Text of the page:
Highly-patterned Found Objects

A project exploring online machine learning datasets as highly-patterned found objects by cataloging, documenting, and remixing them.

During a web residency, I propose to explore online, publicly available machine learning datasets as patterned found objects. Faces, fingerprints, image captions, sea salinity, and other input data are typical, but so are more abstract patterns formed by neural network “weights” and thousand-dimensional vector spaces. Patterns in these datasets exist at several levels. They are highly-detailed conglomerations of minute datapoints; they evidence larger patterns in our priorities and scientific approach; and often they are seeded with moments of human language that defy the rigidness of the data (as in the case of a hand-written note I found in a 60-year catalog of solar data, buried in the US National Oceanic and Atmospheric Association FTP server, reading “Weather, suddenly + continually overcast”).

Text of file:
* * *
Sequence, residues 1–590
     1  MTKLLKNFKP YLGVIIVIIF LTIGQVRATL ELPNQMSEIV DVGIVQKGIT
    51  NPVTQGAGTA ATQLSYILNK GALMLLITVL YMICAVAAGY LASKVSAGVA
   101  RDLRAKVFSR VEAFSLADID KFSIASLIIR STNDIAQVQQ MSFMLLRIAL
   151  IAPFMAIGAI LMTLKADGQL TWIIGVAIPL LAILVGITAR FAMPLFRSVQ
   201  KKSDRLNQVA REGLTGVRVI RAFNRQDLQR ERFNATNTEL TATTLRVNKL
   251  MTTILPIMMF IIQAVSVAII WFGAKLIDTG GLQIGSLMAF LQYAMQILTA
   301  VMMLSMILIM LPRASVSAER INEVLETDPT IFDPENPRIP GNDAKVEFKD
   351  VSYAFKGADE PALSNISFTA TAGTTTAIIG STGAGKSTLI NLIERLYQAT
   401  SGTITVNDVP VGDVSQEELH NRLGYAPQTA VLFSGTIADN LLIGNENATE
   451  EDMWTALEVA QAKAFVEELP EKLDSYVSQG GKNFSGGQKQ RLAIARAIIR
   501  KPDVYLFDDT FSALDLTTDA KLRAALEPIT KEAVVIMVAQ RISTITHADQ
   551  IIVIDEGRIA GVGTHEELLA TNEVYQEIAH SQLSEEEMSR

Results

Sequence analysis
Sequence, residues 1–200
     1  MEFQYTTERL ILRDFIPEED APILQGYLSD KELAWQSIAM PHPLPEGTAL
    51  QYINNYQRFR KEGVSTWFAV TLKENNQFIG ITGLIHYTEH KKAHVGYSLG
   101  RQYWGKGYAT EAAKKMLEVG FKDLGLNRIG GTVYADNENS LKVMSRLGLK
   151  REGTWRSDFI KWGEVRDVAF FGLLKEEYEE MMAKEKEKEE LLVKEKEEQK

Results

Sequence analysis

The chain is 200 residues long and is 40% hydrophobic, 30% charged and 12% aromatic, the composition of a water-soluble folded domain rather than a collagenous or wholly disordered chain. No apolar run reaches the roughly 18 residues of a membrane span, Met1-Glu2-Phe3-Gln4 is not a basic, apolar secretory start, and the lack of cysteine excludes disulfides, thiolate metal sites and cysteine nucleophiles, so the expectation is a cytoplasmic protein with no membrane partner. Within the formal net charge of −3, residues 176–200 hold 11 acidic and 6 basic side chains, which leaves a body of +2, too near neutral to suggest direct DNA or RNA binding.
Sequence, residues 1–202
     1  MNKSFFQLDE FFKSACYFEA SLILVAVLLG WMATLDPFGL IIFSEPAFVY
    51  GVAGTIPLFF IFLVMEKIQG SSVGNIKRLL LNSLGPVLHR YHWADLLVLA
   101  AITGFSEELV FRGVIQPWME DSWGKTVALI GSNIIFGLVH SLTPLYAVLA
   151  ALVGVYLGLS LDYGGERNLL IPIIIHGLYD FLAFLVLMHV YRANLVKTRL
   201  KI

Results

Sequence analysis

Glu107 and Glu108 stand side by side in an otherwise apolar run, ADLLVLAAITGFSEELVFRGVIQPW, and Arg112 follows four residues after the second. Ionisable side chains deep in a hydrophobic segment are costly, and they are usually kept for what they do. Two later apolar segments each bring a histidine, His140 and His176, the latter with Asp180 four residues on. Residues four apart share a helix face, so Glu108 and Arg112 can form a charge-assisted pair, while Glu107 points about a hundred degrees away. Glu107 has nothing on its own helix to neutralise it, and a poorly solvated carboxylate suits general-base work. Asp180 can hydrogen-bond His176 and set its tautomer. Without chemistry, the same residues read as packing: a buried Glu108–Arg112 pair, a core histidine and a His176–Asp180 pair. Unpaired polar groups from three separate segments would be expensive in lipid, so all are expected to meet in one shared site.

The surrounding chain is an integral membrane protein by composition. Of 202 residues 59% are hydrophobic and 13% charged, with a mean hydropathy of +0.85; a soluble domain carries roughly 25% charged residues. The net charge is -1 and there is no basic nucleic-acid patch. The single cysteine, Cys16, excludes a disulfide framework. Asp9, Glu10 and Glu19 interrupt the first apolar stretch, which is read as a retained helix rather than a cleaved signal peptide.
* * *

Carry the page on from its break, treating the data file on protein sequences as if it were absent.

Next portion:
These datasets lie in wait across the web, in Github repositories, academic websites, and government FTP servers. Since an exhaustive investigation of these materials is not possible, this project will instead take an archaeological, morphological, and remix approach: cataloging, documenting, and manipulating the found materials in an exploratory way.

Jeff Thompson (b. 1982, Minneapolis/USA) is an artist, programmer, and educator based in the NYC area. His work explores collaboration with, empathy for, and the poetics of computers and technological systems. Through code, sculpture, sound, and performance, Thompson uses conceptual processes like remix, translation, and visualization to physicalize and give materiality to otherwise invisible processes. He is currently Assistant Professor and Program Director of Visual Art & Technology at the Stevens Institute of Technology, and co-founded the experimental curatorial project Drift Station.